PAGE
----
Daily Progress, Jacksonville, TX

Homepage

December 13, 2012

LMC: Loss of Title IV funding automatic with college bankruptcy proceedings

"If you declare bankruptcy you are out of the program forever."

(Continued)

JACKSONVILLE —

She used the loan money to file for Chapter 11 in July and to try to sell the college as a whole, court records show. Operations were modified, athletic programs were eliminated, and unfunded scholarship aid was eliminated as well, so LMC could remain "cash neutral," according to reports.

The impact of losing Title IV was an enormous blow to LMC, one from which it could not recover. Lon Morris was one of thousands of schools in the United States that participate in federal student aid programs, according to the federal student aid website.

Each year, roughly $150 billion is awarded to as many as 14 million students around the country by the U.S. Department of Education for low interest loans, grants, and work study funds. Tuition and fees, transportation, books, supplies, and room and board all are covered by such federal student aid.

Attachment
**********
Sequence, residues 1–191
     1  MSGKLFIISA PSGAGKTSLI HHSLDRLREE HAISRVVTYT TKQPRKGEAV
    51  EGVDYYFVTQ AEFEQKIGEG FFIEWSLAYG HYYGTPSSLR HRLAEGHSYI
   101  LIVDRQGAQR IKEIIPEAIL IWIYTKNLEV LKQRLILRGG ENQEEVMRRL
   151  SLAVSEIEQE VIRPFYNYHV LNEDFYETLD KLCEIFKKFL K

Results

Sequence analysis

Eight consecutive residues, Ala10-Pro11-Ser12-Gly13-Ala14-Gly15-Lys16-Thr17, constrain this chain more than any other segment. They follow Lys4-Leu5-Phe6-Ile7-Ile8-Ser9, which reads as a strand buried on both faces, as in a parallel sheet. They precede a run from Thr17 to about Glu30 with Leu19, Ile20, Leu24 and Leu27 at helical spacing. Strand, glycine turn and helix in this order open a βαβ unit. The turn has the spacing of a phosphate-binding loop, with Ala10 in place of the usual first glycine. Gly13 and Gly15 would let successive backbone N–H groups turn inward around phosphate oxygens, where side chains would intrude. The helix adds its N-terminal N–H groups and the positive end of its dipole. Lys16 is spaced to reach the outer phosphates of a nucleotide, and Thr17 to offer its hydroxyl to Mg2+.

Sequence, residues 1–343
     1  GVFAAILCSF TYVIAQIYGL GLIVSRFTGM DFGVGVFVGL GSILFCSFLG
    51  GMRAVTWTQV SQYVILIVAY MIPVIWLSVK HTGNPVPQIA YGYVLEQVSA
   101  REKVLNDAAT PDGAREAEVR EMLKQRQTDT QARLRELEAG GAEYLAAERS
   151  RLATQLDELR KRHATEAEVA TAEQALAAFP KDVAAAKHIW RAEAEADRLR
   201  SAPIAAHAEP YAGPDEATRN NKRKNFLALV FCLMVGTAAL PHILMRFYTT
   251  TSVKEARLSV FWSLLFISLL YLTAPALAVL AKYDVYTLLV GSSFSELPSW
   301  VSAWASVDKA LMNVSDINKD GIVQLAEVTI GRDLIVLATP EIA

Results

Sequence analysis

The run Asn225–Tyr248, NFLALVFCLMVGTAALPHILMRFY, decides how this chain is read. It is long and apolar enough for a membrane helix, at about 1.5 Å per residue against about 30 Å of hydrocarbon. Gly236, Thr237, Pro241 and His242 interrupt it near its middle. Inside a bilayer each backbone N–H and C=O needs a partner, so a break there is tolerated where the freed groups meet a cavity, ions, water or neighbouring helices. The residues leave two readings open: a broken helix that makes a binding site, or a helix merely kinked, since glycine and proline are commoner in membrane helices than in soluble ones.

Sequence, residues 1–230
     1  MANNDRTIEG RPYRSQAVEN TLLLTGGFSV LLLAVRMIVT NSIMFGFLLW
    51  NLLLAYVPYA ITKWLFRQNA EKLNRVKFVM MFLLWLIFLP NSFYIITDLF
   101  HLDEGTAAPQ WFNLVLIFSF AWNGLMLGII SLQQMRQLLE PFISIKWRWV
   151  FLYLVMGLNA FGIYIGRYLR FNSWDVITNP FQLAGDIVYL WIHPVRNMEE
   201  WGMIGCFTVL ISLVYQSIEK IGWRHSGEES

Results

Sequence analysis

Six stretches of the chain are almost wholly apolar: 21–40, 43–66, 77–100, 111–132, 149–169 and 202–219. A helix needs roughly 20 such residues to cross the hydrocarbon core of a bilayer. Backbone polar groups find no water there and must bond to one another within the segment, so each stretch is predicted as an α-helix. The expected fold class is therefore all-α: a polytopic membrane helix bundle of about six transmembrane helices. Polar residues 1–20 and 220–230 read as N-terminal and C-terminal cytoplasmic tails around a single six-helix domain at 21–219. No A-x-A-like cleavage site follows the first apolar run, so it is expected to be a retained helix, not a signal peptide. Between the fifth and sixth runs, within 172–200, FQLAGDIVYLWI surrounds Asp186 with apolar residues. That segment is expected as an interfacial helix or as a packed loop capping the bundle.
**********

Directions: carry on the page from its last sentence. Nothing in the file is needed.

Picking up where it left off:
Ultimately, the decision to declare bankruptcy ensured that Lon Morris College will never function as its own institution again.

"Could someone buy it and obtain Title IV eligibility? Sure," said Cariello. "Could another party come in and obtain accreditation with that as its platform and create a new situation? Sure. Or a bigger school could buy it and fold it in. The value is tied to the footprint. Starting from scratch is a difficult process. Attaining regional accreditation is a difficult process."

When news circulated that Lon Morris had declared Chapter 11 bankruptcy, some of Cariello's clients in higher education took interest, wondering if the school might somehow be allowed to retain its federal funding, he said.

"They were a lot more comfortable when Lon Morris lost Title IV," Cariello said. "Looking at the bare regs, if you declare bankruptcy you are out of the program forever."

Ragan and LMC bankruptcy estate attorney lawyer Hugh Ray III of Houston's McKool Smith firm did not immediately respond to messages for comment.

A request for comment was made to Amegy through their attorneys. In a return email, James Matthew Vaughn of Porter Hedges LLP in Houston said he had forwarded the request to Amegy officials. They had not responded as of Thursday.

Text Only

LOCAL NEWS
LOCAL SPORTS
LIVING